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Aces High: Numerical Techniques in Poker AI
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Aces High: Numerical Techniques in Poker AI

September 30, 2010 Page 1 of 4

[Game programmer Simon Tomlinson (Need For Speed: Shift) analyzes techniques for working with poker AI in this advanced technical article, offering up tricks for generating AI behavior in the well-studied game.]

This article looks at the use of numerical techniques with application to poker AI, both in off-line balancing and in-game decision making. If you are not familiar with No Limits Texas Hold'Em Poker, the game rules and basic AI structure are discussed in a companion article -- Poker AI: A Starting Point, which is live now on Gamasutra's sister site, GameCareerGuide.

However, two significant areas were not described there in full: how to calculate hand win probabilities, and how to balance the AI characters which are essential to realistic game play. Both problems can be attacked using numerical optimization techniques. Indeed these techniques can be used in a wide range of AI balancing and live decision making applications.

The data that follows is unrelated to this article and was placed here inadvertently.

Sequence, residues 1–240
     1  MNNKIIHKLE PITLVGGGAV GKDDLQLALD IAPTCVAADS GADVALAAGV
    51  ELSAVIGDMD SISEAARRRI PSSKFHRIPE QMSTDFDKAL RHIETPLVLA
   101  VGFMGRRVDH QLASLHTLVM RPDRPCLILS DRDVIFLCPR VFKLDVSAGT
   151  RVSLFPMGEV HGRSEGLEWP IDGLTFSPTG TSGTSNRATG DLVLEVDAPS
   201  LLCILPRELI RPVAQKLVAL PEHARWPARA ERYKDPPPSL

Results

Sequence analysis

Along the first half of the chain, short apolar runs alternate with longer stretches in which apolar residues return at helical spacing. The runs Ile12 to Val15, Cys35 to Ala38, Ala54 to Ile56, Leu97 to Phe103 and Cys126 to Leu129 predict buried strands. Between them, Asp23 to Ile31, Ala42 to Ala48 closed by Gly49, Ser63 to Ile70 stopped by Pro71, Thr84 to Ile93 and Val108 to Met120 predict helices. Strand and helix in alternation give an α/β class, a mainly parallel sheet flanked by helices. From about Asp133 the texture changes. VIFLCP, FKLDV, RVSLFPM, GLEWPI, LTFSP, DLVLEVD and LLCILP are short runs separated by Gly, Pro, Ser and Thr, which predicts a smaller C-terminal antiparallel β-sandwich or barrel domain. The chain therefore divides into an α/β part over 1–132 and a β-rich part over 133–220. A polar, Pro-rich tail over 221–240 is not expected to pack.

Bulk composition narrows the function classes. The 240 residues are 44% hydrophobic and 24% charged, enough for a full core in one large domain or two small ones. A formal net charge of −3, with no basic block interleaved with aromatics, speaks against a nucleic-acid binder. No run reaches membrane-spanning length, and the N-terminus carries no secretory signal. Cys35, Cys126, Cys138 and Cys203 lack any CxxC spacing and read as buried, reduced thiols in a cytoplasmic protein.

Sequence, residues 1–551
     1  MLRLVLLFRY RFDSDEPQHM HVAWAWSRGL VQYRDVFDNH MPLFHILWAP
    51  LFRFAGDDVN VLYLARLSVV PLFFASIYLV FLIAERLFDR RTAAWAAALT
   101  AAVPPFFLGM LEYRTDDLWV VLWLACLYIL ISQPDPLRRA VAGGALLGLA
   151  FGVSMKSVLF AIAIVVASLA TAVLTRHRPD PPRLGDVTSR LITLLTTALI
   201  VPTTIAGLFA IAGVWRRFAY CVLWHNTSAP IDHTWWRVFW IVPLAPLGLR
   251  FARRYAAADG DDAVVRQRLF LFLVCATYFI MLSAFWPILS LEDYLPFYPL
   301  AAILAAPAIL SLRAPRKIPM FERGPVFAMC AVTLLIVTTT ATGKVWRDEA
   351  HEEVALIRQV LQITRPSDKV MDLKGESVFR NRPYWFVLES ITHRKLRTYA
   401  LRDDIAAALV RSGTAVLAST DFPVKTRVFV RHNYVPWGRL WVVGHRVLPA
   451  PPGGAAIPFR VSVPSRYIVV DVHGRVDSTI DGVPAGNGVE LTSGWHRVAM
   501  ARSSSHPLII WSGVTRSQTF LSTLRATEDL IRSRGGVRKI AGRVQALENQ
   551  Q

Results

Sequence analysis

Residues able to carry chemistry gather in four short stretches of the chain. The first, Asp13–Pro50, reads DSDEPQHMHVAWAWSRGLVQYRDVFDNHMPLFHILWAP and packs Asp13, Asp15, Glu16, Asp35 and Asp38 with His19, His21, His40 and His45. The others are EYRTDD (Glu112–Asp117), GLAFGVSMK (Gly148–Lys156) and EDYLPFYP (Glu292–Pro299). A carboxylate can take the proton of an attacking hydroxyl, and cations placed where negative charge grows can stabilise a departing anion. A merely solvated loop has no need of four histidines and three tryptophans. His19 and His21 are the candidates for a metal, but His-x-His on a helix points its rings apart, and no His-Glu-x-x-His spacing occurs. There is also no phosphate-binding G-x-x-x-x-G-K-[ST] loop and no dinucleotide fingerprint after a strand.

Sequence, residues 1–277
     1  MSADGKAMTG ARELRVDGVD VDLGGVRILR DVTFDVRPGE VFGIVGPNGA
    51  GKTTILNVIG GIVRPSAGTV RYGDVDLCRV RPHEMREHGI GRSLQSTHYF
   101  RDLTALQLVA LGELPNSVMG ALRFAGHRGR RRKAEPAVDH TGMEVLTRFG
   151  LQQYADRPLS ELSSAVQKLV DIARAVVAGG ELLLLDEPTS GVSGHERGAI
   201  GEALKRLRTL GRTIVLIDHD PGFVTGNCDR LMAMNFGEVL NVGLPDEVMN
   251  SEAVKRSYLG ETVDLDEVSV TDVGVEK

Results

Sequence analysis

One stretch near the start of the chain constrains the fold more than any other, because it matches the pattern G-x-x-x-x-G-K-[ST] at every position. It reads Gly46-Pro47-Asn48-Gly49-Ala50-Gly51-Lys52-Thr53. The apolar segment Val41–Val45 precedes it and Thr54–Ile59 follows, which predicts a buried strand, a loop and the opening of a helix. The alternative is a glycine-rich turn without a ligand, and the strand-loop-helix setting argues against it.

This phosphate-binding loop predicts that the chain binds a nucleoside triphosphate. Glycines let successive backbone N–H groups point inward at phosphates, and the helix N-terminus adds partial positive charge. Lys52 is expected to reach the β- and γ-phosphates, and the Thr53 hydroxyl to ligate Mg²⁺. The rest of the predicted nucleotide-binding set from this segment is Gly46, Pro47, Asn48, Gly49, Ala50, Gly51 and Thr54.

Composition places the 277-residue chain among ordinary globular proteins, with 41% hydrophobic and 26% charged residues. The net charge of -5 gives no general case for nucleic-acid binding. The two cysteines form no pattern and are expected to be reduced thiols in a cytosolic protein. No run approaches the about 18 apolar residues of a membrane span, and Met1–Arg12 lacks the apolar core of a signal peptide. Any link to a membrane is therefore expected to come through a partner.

Numerical Techniques Overview

There are three broad classes of numerical computing techniques: integration, root finding and optimization. Integration is usually associated with physics engines -- primarily integrating equations of motion over time. Root finding is the process of discovering the zero values in a function of one or more dependent parameters.

Optimization is finding the minimum (or sometimes maximum) of a value which is a function of one or more parameters. It is important to realize that the numerical problem need not be a real life physical equation -- it could be a parametric model that has developed to represent some situation. Here we are concerned mainly with optimization.

There are many well-known solution algorithms for numerical problems. Root finding and optimization problems generally proceed by calculating an approximation to the solution which is an improvement of a previous guess, and repeating the cycle (or iteration) until some acceptable accuracy level is reached (convergence).